Job offersmore »
- Hydroponic Crop Manager - Tahiti
- Manager Operational Excellence - El Salvador
- Area Manager North Europe - The Netherlands
- Senior Veredelaar Bloemen
- Consultant - Head of Sales or Greenhouse Owner
- Consultant - Head Grower of Greenhouse
- IPM Manager - Mona (Utah) USA
- Labor Manager - Mona (Utah) USA
- Assistant Farm Manager - Australia
- New Product Development Assistant Manager
Top 5 - yesterday
- No news was published yesterday.
Top 5 - last week
- Kenya overtakes South Africa to become Africa's biggest exporter of avocados
- Italy: 150 million euros confiscated from fruit and veg Mafiosi
- “Drop in Turkish lira is making us a lot more money”
- “We recognize the different specifications our customers are looking for”
- California labor shortage drives container growing for berries
Top 5 - last month
Exchange ratesmore »
Defence of agricultural funds
Creation of European banana mixed committee to put pressure on BrusselsNeither the Canary Islands nor the other eight Ultraperipheral Regions (OR's) will be alone in the struggle to convince Brussels that neither bananas nor the rest of their agricultural sectors can afford to lose even a single Euro of EU funds. Spain, France and Portugal, that is to say, the European banana producers (the production is limited to Madeira (3%), Martinique and Guadeloupe (36%) and the Canary Islands (more than 60%)) have created a mixed banana committee that will serve as a lobby to pressure Brussels in the defence of the Posei funding; a program set up by the European Union (EU) to support the primary sector in the OR's. The first objective of this new interstate alliance is to guarantee the payment of the 650 million Euro that are allocated annually through the Posei to support the agriculture and livestock farming of the OR's, with the largest share, up to 260 million, going to the Canary Islands.
After the summit held in Santa Cruz de Tenerife with their French and Portuguese counterparts, Stéphane Travert and Luís Capoulas, the Spanish Minister of Agriculture, Isabel García Tejerina, said that the negotiations for the distribution of the EU budget for the period 2020-2027 "will not be easy." The Brexit, that is, the exit of the EU from the United Kingdom, will leave an important hole in the budgets, and there are talks of a possible reduction of between 12,000 and 15,000 million Euro. Moreover, in addition to this loss, there will also be a need to allocate resources for what Tejerina called "new challenges," including a new immigration policy. Thus, the goal for Spain, France and Portugal is to get ahead of the formal start of talks and set a common red line, making it clear that the granting of agricultural funds for the OR's is non-negotiable.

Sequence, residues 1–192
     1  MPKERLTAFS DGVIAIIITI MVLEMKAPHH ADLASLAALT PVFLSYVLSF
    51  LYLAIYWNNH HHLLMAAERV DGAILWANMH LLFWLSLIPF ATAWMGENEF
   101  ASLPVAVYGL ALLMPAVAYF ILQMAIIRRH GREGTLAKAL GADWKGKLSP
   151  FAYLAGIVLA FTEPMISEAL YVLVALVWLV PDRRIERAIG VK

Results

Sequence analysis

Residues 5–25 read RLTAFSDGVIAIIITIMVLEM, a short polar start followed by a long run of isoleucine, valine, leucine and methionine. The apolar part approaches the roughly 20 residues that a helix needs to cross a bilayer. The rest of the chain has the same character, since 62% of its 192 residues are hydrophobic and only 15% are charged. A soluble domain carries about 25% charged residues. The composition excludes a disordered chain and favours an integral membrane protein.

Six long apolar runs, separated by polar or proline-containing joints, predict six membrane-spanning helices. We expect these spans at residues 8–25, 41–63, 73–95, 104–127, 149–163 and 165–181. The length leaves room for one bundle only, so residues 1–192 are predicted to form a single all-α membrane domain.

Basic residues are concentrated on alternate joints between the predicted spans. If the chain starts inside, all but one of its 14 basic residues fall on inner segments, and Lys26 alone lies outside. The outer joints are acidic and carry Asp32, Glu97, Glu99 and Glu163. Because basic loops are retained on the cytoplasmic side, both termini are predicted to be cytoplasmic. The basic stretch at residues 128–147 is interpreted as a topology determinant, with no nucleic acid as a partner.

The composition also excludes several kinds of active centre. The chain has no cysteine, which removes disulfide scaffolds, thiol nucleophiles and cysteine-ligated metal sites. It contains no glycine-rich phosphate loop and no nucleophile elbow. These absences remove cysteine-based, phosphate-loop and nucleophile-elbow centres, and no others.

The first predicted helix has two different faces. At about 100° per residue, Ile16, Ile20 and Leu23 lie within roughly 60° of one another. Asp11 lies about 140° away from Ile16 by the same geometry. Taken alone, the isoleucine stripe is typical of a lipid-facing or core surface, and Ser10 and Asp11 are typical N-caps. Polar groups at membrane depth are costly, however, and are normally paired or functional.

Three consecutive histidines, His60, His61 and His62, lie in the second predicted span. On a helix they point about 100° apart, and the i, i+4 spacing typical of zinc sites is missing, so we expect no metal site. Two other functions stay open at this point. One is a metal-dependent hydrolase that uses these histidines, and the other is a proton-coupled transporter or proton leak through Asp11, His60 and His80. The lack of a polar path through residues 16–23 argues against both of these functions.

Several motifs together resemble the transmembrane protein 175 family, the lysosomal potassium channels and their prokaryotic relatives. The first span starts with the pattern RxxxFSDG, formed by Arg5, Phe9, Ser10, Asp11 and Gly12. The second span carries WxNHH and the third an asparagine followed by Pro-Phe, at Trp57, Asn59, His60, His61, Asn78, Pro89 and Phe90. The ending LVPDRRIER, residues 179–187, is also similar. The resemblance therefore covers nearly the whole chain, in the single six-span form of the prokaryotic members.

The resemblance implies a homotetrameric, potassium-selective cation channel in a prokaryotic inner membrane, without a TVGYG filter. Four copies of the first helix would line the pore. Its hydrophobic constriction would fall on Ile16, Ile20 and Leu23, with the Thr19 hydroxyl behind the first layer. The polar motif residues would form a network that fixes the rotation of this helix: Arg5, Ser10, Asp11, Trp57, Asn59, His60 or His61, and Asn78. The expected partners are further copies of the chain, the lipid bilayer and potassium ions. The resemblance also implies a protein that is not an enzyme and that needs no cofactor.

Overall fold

The Portuguese minister was especially clear about the position that the three Member States will convey to Brussels: on the one hand, the need for the Posei to remain outside the Common Agricultural Policy (CAP), so that it continues to be a program specific to the OR's; on the other hand, that the funds allocated for the period from 2020 to 2027 are, at least, the same as those of the current seven-year period (2014-2020).
Of the 260 million Euro per year at stake for the agricultural sector of the Canary Islands, up to 141 are intended for the banana sector. That is why the sector, Tejerina herself and the autonomous Councillor for Agriculture, Narvay Quintero, made special emphasis on the importance of the creation of the Mixed Banana Committee, which takes over from what was the Amigos del Plátano association. The new body, in which the sector will be represented, will have two fundamental tasks: to monitor the markets, including the gradual reduction of tariffs for imported bananas, which is taking a toll on the production of the OR's, and to give a single voice to the three countries in their talks with EU institutions. In short, the idea is that the committee will act as a lobby in defence of the banana sector at a time when all Member States are preparing to fight in Brussels to get the best funding for their most representative productions. In other words: all EU countries are already getting ready to fight for a slice of a pie that has become smaller, and which may not be big enough to feed everyone.
Tejerina explained that at the meeting with the banana companies, they also addressed the important issue of setting the same standards for producers from third countries, for example, on the use of pesticides, as those that already apply for European producers. In fact, the sector complains that Europe is allowing the entry of fruit that does not meet the minimum requirements set for fruit produced in the EU.
Publication date: 1/17/2018
Receive the daily newsletter in your email for free | Click here
Other news in this sector: